Expertise from outside the profession is becoming a vital part of the success of law firms and clients are increasingly dictating the pace of change in the legal services market, a panel of senior non-lawyer industry experts has said.
Speaking at last week’s Legal Futures conference in London, they identified business growth in an improving economy and a failure to heed changing consumer demands as particular danger points for law firms.
The panel included law firm investor and entrepreneur Adrian Fawcett, Eddie Ross, chief executive of QualitySolicitors, George Bull, national chair of Baker Tilly’s professional practices group, and Chris Marston, the chief executive of LawNet.
Debate centred on the contribution made by non-lawyers and the absence so far of a ‘Dyson moment’ in legal services almost three years after alternative business structure (ABS) licences were first granted.
Mr Bull observed that the world of legal services had changed “very dramatically” and warned that management needs were also changing. He explained: “The great financial crisis has reminded us that the skills you need on your board to manage successfully going into a downturn are very different to the skills that you need to manage growth coming out of the downturn.”
Mr Fawcett agreed, saying: “This is a very tough industry compared with some others that I deal with, for two reasons: in a downturn you actually end up being fooled that things are okay for a lot longer than they look, partially because people need your services. Secondly, as you contract you are receiving your revenue from when it was higher – you are being paid for last year’s activity today.
“When you are growing, things are very tough in this marketplace because you need working capital effectively in order to fund the growth. To some extent, the board structure you require and the leadership that you need… [will involve] not just lawyers… but also support around finance [and] organisational management.”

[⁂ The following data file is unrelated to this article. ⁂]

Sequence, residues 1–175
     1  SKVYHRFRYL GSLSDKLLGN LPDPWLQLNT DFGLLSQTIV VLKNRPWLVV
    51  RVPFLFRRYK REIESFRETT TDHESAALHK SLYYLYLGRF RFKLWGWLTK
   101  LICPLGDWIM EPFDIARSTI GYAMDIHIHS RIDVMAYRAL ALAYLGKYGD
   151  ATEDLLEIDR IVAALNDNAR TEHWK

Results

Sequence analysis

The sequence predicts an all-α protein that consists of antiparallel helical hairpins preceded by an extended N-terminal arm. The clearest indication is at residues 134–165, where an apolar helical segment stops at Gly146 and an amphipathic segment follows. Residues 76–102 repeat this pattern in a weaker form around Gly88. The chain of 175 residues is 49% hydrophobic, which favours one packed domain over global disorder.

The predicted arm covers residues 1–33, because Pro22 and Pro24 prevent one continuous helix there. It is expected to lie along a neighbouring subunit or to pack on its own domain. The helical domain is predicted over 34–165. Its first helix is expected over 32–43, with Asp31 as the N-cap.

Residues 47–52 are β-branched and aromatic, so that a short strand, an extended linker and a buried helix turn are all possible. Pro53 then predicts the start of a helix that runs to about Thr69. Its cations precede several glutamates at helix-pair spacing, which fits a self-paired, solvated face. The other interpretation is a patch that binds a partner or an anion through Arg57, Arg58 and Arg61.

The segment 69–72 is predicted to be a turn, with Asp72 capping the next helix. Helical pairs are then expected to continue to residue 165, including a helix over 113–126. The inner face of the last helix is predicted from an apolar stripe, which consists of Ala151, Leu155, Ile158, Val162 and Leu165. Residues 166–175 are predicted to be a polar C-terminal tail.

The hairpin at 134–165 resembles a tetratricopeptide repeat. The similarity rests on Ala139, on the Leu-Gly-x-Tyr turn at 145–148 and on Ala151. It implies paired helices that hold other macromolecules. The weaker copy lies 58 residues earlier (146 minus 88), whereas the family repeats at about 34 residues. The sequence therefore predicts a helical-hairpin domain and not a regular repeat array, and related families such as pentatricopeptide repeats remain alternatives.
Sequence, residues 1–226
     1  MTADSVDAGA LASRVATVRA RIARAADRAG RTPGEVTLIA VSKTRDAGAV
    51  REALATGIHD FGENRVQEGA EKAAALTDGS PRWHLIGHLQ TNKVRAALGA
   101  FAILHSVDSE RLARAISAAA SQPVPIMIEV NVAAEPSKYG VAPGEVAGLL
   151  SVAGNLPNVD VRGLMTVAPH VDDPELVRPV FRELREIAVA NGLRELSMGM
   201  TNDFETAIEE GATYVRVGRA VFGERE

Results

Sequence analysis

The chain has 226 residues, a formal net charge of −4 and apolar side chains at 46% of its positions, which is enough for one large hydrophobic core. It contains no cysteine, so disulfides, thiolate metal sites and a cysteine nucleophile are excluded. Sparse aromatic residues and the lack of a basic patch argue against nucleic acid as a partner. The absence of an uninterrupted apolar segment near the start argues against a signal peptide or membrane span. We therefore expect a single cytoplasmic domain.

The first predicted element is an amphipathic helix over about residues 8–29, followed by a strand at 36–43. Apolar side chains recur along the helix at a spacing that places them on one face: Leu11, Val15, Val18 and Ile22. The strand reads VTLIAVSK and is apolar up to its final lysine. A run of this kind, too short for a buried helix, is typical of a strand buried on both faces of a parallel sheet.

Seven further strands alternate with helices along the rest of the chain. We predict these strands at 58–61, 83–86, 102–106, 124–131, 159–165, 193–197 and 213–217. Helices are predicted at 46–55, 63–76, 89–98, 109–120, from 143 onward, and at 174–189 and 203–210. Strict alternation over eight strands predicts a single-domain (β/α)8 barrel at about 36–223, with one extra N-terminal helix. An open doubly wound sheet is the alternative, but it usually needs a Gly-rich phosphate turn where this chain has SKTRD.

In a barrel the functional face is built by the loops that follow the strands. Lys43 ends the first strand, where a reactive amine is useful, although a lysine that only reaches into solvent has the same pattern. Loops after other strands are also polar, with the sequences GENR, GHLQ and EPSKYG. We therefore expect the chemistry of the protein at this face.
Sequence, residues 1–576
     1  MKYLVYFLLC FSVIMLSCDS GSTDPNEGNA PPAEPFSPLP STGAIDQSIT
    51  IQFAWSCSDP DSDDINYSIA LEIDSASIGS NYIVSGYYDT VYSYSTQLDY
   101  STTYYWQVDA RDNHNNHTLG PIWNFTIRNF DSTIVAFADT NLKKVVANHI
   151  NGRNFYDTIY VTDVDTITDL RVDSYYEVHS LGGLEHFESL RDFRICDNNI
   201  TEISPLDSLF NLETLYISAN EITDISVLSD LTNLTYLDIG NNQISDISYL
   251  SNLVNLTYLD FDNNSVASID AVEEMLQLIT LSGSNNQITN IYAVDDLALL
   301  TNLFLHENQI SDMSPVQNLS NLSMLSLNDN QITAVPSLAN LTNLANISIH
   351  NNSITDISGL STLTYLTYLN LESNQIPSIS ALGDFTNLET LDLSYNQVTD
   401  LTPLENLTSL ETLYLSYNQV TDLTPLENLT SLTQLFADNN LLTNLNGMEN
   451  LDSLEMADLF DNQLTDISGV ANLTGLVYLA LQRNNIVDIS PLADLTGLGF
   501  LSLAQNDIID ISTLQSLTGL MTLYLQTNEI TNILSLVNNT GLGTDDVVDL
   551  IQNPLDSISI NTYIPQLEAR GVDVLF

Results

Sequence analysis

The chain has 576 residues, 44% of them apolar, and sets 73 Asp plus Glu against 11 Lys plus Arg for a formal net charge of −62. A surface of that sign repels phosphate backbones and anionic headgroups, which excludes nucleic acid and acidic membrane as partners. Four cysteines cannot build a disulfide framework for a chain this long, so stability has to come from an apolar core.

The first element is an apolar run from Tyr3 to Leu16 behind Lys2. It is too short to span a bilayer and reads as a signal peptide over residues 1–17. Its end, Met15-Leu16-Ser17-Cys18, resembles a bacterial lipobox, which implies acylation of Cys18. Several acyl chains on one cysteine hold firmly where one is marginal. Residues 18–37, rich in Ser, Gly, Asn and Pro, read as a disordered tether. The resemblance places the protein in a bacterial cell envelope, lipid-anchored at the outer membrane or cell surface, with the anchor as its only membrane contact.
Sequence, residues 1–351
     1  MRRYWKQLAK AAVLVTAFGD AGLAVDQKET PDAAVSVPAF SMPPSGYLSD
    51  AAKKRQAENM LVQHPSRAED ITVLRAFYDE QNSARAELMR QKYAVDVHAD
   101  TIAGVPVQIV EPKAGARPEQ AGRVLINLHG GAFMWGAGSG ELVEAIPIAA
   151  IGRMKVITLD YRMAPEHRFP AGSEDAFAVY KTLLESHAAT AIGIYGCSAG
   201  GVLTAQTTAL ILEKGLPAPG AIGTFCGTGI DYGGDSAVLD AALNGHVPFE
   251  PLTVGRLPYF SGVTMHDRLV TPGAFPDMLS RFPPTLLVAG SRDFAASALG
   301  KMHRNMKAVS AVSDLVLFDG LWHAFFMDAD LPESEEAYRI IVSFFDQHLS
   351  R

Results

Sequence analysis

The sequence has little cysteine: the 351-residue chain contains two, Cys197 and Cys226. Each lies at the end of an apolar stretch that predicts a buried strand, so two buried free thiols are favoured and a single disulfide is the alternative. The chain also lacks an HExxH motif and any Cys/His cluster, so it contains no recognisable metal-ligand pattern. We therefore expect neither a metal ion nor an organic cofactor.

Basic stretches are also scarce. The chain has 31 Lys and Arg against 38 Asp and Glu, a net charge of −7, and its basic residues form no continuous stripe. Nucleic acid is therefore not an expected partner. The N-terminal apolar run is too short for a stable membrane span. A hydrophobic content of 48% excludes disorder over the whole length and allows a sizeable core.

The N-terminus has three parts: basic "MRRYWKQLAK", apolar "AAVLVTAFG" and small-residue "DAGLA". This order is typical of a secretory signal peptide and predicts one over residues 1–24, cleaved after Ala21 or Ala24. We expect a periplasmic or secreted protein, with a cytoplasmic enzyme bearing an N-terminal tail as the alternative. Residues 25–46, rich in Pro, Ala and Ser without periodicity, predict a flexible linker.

Mr Bull said lawyers were increasingly giving non-lawyers senior roles in the management of their firms. “What I see now among law firms is a far greater preparedness to embrace non-lawyers as equals, because of what they can bring to the firm.”
However, Mr Marston said that among LawNet’s member firms, the picture was mixed. “In our membership there are those who benefit from exemplary leadership from lawyers and firms which benefit from exemplary leadership from non-lawyers.
“I think the key thing is that there is certainly value to be had from non-lawyers being in business. [But] they don’t need to be running the show and are certainly not the only people capable of grasping the need for change.”
Firms ignored clients – who currently displayed confusion about legal services – at their peril, said Mr Ross. “What’s happening in the legal market is an incremental change in the way that people view what they receive in terms of their satisfaction… Once somebody works out how we to provide those services in a way people can understand what they are getting, I think we will be moving towards Dyson territory…”
“In my opinion there is absolutely no doubt that customers are changing, and will change, the market.
Mr Marston agreed: “It’s all about the client experience. It’s clients that will drive change, and lessons must always be taken from other sectors whenever they can be. Adaptations can be made to the business, but clients will determine whether law firms will be successful or not.”
Mr Bull observed that debate about legal services had moved on. “It’s not any more about regulation, external capital or ABSs. I think the driver now is what clients want… the firms that will succeed will be the ones which can respond fastest to identifying client needs and meeting them.”
Mr Fawcett argued that customer service was not discussed enough. “The concern I have in all of this conversation is quality, outcomes, and relative performance for the customer is not the thing that is being talked about in this industry anywhere near enough.
“Usually when you are talking consumer industries, you are expecting the consumer to vote with their feet. I think they are going to do so more and more.”
Mr Ross said QS firms were members of the network in part because they wanted help to evolve. “My message to them is that you are going to have to change the way you work. We are not about, shall we say, helping people to continue to do what they do.”